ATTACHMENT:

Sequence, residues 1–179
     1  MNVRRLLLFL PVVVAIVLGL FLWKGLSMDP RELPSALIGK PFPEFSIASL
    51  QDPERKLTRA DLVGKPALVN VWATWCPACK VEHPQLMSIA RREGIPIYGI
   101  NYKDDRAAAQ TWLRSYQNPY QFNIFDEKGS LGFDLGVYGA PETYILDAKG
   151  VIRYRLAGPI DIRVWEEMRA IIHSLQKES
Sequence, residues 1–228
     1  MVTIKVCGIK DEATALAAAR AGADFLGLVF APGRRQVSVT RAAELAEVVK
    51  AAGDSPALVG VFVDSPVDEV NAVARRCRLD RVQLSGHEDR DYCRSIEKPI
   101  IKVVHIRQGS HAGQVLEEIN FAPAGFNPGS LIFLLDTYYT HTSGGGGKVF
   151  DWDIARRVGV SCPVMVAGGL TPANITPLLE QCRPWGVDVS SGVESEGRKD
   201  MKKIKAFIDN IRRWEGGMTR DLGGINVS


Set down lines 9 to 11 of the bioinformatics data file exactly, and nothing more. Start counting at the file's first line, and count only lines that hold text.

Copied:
   101  IKVVHIRQGS HAGQVLEEIN FAPAGFNPGS LIFLLDTYYT HTSGGGGKVF
   151  DWDIARRVGV SCPVMVAGGL TPANITPLLE QCRPWGVDVS SGVESEGRKD
   201  MKKIKAFIDN IRRWEGGMTR DLGGINVS